Wednesday, 17th August, 2022
Wednesday, 17th August, 2022

Tokyo shares slump on inflation fears, eroding confidence

Tokyo’s benchmark Nikkei index gave up more

than three percent on Tuesday morning amid global worries over inflation and
the Chinese economy, with high-tech shares hit particularly hard.

At the lunch break, the headline Nikkei index was down 2.77 percent or
786.58 points at 27,658.31, having dropped as much as 3.46 percent before
paring losses.

The broader Topix dipped 1.75 percent or 34.63 points to 1,939.29.

The dollar slightly firmed to 111.07 yen from 110.93 yen in New York on

Global investors remained concerned about a tense political debate in
Washington over raising the US debt ceiling as well as the financial crisis
at Chinese property giant Evergrande, which drove down Wall Street shares.

“On the back of the falls of US shares and worries about the outlook of the
Chinese economy, selling of futures led” the Nikkei down to 27,460.29 before
it trimmed losses, Okasan Online Securities said in a commentary.

Surging energy prices were fuelling fears of inflation, analysts said.

“The global energy crisis” was “arguably today’s main source of broader
stock market weakness,” Ray Attrill of National Australia Bank said in a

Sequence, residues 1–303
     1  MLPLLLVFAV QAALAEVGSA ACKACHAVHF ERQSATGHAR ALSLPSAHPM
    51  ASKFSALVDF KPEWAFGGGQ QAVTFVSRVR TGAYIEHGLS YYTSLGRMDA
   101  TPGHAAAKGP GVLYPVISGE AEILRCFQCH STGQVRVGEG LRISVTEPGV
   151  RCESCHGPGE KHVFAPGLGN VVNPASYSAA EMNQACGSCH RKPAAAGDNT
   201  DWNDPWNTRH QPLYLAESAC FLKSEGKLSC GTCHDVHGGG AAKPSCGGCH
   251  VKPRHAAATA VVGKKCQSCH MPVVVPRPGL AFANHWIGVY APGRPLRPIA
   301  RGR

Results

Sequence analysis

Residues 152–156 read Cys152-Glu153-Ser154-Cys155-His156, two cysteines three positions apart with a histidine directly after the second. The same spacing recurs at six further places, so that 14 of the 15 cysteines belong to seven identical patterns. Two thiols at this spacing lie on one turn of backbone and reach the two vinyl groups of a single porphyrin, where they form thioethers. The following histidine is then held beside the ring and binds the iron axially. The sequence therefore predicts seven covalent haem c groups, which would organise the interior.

“Negative cues are appearing one after another,” Chihiro Ota at SMBC Nikko
Securities told AFP.

“US shares are turning weaker as the market expects rate increases…
Investor sentiment was stronger, but it is now weakening,” he said.

Chipmaker Murata Manufacturing dropped 3.32 percent to 8,748 yen. Tokyo
Electron, which makes tools to build semiconductors, trimmed losses but still
hovered down 3.35 percent at 45,570 yen.

Advantest, which makes chip-testing kits, was down 2.97 percent to 9,140,
after falling to 8,910 yen in the morning.

But energy firm ENEOS Holdings rose 1.25 percent to 453.7 yen. Oil and gas
developer INPEX Corp surged 4.26 percent to 931 yen.

Tokyo investors have high hopes that the new government of Prime Minister
Fumio Kishida, who officially took office Monday, will issue fresh stimulus
and call on businesses to increase wages as he prepares for a national
election on October 31.

Kishida of the long-ruling Liberal Democratic Party has pledged to focus on
the redistribution of wealth after the pro-business policies of his
predecessors failed to end Japan’s prolonged economic malaise.

Among other major shares, Toyota gave up 1.86 percent to 1,896 yen. Sony
Group fell 2.09 percent to 11,720 yen.

SoftBank Holdings dropped 4.23 percent to 6,001 yen.

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